The idea of teaching your kids at home might be intimidating, but it's not as complicated as it might seem.
Ever since the CDC published its new health recommendations for schools reopening, many parents who have never before considered homeschooling find themselves exploring the possibility. If that’s your situation, here are a few pointers to keep in mind as you consider educating your children from home.
1Remember: you have what it takes.
Homeschooling seems intimidating on the face of it. How is the average parent supposed to know what to teach their child, let alone how?
Fortunately, there’s an enormous world of help out there. Countless homeschool parents and educational experts can hold your hand and walk you through every step of the process, if you want.
Whether you’re looking to learn about styles of homeschooling (and take a quiz to find yours), read curriculum reviews, know your legal rights as a homeschool parent, order a box curriculum, or follow step-by-step instructions on how to get started, there’s an online resource for everything you need.
You don’t need a degree in education (or even a degree at all) to teach your child. Kids love to learn, and they absorb knowledge as naturally as breathing.
Deep breaths. You’ve got this!
2Put connection and consistency before curriculum.
As great as it is to have endless resources at your disposal, diving down the rabbit hole of homeschooling research can quickly get overwhelming. How are you supposed to know which curriculum is best?
Here’s a little secret: It doesn’t really matter which curriculum you choose. Most of them offer a good education, as long as you’re consistent in working through them, a little bit at a time. Pick a program that looks interesting and enjoyable to you, and your kids will catch your enthusiasm.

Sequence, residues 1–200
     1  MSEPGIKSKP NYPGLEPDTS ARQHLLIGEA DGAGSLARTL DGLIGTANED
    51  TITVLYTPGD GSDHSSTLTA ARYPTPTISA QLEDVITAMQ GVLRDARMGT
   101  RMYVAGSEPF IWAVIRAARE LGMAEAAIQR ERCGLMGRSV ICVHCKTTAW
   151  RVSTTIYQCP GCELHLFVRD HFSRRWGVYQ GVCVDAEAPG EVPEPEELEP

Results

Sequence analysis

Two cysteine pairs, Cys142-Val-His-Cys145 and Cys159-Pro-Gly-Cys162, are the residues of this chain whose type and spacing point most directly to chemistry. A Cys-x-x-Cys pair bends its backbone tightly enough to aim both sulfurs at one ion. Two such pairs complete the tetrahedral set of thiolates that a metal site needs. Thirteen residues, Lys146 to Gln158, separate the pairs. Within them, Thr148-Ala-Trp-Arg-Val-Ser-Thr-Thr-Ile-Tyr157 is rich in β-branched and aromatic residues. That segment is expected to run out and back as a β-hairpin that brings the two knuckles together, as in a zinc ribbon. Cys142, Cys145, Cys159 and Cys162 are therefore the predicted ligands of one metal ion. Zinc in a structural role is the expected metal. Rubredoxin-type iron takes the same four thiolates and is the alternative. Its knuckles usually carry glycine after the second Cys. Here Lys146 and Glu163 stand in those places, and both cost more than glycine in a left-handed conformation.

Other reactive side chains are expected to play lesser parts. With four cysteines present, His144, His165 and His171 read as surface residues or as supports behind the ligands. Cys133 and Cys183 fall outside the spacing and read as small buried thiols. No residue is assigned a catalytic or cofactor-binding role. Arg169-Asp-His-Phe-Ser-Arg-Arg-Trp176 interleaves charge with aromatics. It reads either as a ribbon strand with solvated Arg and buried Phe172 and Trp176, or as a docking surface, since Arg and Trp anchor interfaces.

Along the same lines, your relationship with your kids and the peace in your home is more important than hammering through another page of math equations or spelling words. If the lesson is turning into a battle, take a break to play and cool off, and come back to the work later when you’re refreshed.
One of the greatest things about homeschooling is being able to tailor your kids’ education to your schedule and lifestyle, so take full advantage of that perk!
If you do want a few suggestions of curriculum to consider, you might take a look at these popular programs:
- Other Goose, a hands-on and open-ended program for kids 7 and under
- Mater Amabilis, a free, Catholic, Charlotte Mason-style curriculum
- Ambleside Online, a free, nondenominational Charlotte Mason curriculum
- The Good and the Beautiful, an “open and go” faith-based program
- Mother of Divine Grace, a Catholic, classical curriculum
- Time4Learning, an online curriculum
3Keep your expectations reasonable and realistic.
When I started homeschooling, I was worried when it became clear that my kindergartener couldn’t keep his attention on math lessons for longer than 10 minutes. Was something wrong with him? Was he not ready for the work?
Then I found out that the recommended length of sustained attention for a kindergartener is 3-5 minutes. Whoops. The problem wasn’t my kid; it was my unrealistic expectations.